Wednesday, October 01, 2003
Gordon Brown confronts his borrowing problem
Posted by David Smith at 09:26 PM
Category: David Smith' s magazine articles

Almost a year ago, in November 2002, Gordon Brown experienced the worst time, and the worst headlines, since becoming chancellor of the exchequer in May 1997. After five years in which the iron chancellor had kept a vice-like grip on the public finances, the autumn of 2002 saw a big change.

Until then, Brown had always managed to come in even below his own tight forecasts for borrowing. The public finances, were often in surplus and debt being repaid, even without such helpful windfalls as the 22.5 billion auction of third generation mobile phone licences.

The chancellor and his Treasury team wore their prudence with pride. This was a different kind of Labour government, one that made room for extra spending in priority areas but only after sorting out the books first. Previous Labour administrations had spent first and picked up the pieces later. Under Brown, prudence produced a win-win situation. Reducing government debt, for one thing, cut debt interest payments, and the money could instead be channelled into health and education.

So when, in his pre-budget report, the chancellor unveiled big increases in government borrowing - 20 billion for 2002-3 and 24.5 billion for 2003-4 – it was a highly significant event. For both years the new borrowing projections were about twice what the chancellor had forecast the previous spring.

The indignities were many. On the day after the pre-budget report the headlines read “Goodbye Prudence” and the commentators asked whether this Labour chancellor was going the way of his predecessors. His early prudence may have delayed the consequences of tax and spend (particularly spend) but they were now coming through with a vengeance. Brown was prepared for a poor reception but still winced at the blows.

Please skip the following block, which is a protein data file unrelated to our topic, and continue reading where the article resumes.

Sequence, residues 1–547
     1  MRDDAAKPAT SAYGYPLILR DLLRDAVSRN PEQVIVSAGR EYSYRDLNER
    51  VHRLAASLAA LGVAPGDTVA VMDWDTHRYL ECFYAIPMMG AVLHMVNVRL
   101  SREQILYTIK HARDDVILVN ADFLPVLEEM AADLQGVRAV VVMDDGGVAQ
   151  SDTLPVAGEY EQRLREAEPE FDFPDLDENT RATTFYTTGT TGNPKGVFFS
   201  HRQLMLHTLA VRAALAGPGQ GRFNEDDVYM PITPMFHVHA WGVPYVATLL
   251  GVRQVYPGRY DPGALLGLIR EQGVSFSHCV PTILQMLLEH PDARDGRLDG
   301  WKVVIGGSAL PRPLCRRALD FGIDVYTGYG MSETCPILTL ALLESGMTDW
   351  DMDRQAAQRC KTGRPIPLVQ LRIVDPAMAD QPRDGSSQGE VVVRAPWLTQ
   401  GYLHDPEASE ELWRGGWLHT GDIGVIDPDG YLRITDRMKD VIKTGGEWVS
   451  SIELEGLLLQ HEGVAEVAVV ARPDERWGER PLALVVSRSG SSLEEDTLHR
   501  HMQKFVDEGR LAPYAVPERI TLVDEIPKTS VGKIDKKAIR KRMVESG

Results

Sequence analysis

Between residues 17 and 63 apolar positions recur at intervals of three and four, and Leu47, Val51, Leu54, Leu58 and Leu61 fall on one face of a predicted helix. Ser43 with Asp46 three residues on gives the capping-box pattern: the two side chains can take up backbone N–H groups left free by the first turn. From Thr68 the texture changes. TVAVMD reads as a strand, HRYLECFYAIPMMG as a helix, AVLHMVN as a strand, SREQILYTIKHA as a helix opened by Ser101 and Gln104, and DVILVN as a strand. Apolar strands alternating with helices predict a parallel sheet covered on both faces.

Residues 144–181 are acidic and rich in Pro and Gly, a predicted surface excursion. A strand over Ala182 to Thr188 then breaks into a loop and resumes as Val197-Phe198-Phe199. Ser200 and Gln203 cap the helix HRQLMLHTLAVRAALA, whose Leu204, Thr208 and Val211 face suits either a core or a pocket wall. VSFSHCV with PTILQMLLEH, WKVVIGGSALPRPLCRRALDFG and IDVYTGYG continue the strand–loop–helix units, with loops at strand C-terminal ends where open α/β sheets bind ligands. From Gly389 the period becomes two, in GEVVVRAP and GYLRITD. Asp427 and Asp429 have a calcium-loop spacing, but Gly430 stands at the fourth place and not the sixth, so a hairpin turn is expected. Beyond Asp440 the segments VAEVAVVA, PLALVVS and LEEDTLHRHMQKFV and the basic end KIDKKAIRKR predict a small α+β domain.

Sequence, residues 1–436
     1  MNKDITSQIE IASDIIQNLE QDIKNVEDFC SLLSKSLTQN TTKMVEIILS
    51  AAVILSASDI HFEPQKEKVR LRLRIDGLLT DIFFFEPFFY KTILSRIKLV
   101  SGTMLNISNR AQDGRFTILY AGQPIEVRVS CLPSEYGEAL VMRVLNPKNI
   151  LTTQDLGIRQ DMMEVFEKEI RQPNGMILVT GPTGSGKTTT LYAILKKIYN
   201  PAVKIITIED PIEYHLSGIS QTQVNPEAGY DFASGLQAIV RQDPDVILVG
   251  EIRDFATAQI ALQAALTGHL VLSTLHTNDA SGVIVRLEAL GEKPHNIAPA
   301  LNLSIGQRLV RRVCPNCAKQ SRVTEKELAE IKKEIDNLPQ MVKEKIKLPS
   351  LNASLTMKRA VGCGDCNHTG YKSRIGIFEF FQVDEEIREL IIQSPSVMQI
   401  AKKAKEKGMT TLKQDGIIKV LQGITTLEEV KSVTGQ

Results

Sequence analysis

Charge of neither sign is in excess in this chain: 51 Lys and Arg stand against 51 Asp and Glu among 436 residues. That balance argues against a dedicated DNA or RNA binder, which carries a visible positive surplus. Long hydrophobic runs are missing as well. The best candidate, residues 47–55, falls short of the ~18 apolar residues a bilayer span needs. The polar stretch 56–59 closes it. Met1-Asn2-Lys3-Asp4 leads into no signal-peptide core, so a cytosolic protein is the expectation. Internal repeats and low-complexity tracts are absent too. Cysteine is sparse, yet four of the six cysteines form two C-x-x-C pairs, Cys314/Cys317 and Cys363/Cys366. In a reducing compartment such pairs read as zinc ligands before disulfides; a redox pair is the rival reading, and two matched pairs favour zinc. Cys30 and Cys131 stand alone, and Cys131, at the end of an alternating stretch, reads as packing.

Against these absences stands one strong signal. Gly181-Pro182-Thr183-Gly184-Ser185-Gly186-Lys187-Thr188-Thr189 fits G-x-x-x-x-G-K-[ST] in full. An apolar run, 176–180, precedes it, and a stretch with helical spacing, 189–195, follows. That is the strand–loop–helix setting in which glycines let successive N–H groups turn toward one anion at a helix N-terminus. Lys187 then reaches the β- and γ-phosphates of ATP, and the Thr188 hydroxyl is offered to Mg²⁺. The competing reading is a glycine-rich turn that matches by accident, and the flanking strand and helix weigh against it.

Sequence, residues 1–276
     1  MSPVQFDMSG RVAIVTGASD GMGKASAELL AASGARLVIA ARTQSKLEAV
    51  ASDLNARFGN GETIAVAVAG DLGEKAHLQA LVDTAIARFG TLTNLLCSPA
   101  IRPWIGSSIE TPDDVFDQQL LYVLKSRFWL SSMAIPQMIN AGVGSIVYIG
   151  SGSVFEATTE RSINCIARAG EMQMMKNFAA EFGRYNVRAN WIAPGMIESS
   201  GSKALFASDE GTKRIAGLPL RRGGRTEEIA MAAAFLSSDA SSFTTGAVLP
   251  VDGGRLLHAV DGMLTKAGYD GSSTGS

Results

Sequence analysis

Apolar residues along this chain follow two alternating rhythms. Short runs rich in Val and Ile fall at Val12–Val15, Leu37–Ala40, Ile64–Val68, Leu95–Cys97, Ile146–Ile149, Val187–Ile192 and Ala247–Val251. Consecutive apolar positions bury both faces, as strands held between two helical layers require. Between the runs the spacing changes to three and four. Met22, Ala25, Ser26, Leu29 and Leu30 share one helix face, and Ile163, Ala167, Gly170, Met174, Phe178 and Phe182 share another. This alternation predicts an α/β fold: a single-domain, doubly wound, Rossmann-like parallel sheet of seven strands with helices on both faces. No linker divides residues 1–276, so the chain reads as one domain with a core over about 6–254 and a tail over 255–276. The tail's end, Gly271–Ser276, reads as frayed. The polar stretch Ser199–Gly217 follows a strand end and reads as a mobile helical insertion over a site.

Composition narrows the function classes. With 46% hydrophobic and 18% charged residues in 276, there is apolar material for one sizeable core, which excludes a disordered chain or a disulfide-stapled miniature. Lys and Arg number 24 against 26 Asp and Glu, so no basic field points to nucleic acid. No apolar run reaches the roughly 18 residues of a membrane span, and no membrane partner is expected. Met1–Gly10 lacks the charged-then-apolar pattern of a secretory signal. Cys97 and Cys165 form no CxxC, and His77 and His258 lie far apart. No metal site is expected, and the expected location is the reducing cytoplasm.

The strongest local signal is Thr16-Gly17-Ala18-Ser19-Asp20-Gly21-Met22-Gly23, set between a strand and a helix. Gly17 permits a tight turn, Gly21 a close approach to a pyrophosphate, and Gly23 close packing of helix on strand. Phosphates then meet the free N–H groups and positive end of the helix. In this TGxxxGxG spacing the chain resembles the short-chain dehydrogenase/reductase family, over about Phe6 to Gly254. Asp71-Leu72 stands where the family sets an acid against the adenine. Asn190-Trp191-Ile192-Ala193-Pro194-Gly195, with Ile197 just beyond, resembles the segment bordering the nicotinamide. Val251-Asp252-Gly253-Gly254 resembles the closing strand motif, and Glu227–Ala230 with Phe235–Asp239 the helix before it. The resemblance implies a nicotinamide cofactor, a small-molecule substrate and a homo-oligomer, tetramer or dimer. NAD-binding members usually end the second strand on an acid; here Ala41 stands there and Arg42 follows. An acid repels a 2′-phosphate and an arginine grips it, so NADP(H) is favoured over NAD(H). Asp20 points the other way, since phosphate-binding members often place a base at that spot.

The Treasury, of course, denied any loss of control over the public finances. The world economy was emerging only slowly from recession and in every country the public finances were coming under pressure. But it made no sense at all to try to tighten fiscal policy by cutting spending or raising taxes further during a period of economic weakness (less pronounced in Britain than in other countries). The “new prudence” was to allow the automatic stabilisers to operate by borrowing more at a time of below-trend growth.

Brown and his advisers also insisted that there was no question of the government failing to meet its fiscal rules – the “golden” rule of borrowing over the economic cycle only to fund investment, and the sustainable investment rule, of keeping government debt below 40% of gross domestic product.

There was even a hint that the borrowing forecasts may have been deliberately over-egged. 20 billion was more than independent forecasters had been predicting at the time and the chancellor had a history of coming in on the right side of his fiscal numbers.

A year on, and the latter point can safely be laid to rest. Borrowing in 2002-3 was 22.2 billion, and thus above the 20 billion forecast, and there was worse to come. In his April budget this year, the chancellor was forced to revise up his 2003-4 borrowing projection up to 27 billion, followed by a slight drop to 24 billion in 2004-5.